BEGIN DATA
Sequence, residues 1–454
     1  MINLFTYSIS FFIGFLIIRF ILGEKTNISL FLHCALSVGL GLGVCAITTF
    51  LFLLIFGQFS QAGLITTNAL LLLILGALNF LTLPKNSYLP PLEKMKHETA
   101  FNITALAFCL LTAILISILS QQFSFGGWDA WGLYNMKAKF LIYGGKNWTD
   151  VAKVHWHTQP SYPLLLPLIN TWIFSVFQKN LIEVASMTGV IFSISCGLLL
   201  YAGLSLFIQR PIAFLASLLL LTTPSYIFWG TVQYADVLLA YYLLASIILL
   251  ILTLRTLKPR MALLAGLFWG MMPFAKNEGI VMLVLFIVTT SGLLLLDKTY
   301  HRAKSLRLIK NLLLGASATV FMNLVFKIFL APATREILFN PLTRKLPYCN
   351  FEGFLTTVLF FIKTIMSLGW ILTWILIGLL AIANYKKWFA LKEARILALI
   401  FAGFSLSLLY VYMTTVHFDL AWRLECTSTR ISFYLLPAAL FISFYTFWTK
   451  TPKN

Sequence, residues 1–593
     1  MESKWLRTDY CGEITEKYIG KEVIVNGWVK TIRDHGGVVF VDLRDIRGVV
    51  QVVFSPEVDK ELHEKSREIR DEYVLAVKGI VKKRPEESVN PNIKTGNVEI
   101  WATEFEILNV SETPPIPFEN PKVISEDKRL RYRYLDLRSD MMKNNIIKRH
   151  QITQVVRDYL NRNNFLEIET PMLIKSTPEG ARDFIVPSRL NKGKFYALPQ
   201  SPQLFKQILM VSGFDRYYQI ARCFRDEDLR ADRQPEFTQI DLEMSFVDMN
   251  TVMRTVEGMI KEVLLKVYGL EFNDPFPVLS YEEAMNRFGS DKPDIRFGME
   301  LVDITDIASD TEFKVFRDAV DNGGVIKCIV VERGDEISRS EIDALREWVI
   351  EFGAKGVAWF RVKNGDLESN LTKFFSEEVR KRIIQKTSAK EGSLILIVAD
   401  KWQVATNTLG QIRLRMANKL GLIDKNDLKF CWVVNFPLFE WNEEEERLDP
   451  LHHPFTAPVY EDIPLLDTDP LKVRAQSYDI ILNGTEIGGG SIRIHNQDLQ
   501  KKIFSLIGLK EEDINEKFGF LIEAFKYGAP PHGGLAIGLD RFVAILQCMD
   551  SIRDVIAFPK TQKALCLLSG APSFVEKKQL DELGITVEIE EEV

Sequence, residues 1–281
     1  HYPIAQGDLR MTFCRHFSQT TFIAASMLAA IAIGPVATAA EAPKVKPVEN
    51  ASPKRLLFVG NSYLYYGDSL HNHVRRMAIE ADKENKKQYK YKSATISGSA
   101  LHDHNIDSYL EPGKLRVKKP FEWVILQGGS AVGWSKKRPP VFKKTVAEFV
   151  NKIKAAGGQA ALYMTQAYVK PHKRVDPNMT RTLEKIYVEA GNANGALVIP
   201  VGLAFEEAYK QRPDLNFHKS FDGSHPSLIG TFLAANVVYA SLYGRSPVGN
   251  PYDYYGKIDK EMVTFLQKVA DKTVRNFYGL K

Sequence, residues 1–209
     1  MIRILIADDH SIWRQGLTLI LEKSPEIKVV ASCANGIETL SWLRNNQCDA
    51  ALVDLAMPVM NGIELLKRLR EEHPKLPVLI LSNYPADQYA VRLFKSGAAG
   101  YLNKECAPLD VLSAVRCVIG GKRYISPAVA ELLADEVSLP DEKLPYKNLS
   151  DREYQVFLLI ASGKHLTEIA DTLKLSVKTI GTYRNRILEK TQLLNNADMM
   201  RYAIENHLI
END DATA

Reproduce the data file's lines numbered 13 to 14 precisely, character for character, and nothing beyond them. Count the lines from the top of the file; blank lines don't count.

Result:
     1  MESKWLRTDY CGEITEKYIG KEVIVNGWVK TIRDHGGVVF VDLRDIRGVV
    51  QVVFSPEVDK ELHEKSREIR DEYVLAVKGI VKKRPEESVN PNIKTGNVEI